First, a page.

BudgIT Ghana PIAC Press Statement

BudgIT Ghana PIAC Press Statement



BudgIT Ghana is a foremost civic organisation that applies technology to ensure transparency and accountability whiles intersecting citizen engagement with institutional improvement to facilitate societal change. In partnership with the Ford Foundation, BudgIT Ghana embarked on research into the extractive sector in Ghana and thus published the Public Interest and Accountability Committee (PIAC) policy brief.

The formulation of the Petroleum Revenue Management Act (PRMA) 2011 (Act 815), which seeks to guide the spending of petroleum revenues birthed the Public Interest and Accountability Committee. The bill was passed in March 2011, but due to challenges with implementation, it experienced some amendments in June 2015 to provide a better framework for the management of petroleum revenues.

As amended within the Petroleum Revenue Management Act (PRMA), 2011 (Act 815), PIAC is mandated with three main objectives, which are:

  • to monitor and evaluate compliance with the Act by government and relevant institutions in the management and use of petroleum revenues and investments;

  • provide space and platform for the public to debate on whether spending prospects and management and use of revenues conform to development priorities as provided under Section 21(3);

  • provide an independent assessment of the management and use of petroleum revenues to assist Parliament and the Executive in the oversight and the performance of related functions.

 PIAC Allocation

Since 2019 Government of Ghana’s allocation to PIAC is GHS 2,978,028, down from the 2018 allocation of GHS 5,000,000. This represents a 40.4% reduction in 2019. Given that only 1,000,000 of the 2018 allocation was disbursed by the end of the third quarter, better particulars of the PIAC allocation should be made available to enhance the transparency of allocation and disbursement to PIAC.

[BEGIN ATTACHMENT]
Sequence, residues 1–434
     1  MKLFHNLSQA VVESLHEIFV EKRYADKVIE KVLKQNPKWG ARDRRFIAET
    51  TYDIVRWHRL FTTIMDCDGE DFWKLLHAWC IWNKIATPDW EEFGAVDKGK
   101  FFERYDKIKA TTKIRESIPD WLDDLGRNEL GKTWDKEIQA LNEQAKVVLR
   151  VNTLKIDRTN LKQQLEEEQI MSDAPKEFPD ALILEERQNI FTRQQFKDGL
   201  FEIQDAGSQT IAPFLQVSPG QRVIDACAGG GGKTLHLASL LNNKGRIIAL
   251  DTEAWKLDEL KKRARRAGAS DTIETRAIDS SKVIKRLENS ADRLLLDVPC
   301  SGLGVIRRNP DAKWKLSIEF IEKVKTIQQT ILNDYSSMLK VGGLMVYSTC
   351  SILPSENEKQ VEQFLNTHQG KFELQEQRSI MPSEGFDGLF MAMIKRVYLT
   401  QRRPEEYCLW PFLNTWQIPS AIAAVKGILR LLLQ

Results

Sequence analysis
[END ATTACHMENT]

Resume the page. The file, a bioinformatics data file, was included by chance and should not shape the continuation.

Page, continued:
Besides the inadequate allocation from GoG to health sector capital expenditure, funding from the Annual Budget Funding Amount (ABFA) is also not adequate compared to allocations from the ABFA to similar priorities like education. For some context, about GHC 2, 768,030,000 was utilised for four ABFA priority areas in 2020. Of this amount, 25% was reported in the 2021 national budget as spent on Education and Health Service Delivery, about 70% on Roads, Rail, and other Critical Infrastructure (sic), 3% on agriculture and 1% on Industrial Development (ARHR, 2021).

The merger of health and education makes it difficult to unravel at a first look how much specifically went to the two sectors separately; however, it is well known that the Free SHS programme government utilises a chunk of the funds. For instance, GHS 763,180,024 of ABFA funds was allocated to goods and services for education and GHS 13,000,000 for capital expenditure in 2021, making a total of GHS 776,180,024 from ABFA to education. Meanwhile, the total allocation from ABFA to health in the same year was GHS 32,425,000. This is unfair to the health sector and needs to be corrected as soon as possible, given the limited health infrastructure available in districts and communities and current and emerging public health risks (Alliance for Reproductive Health Rights [ARHR], 2021).

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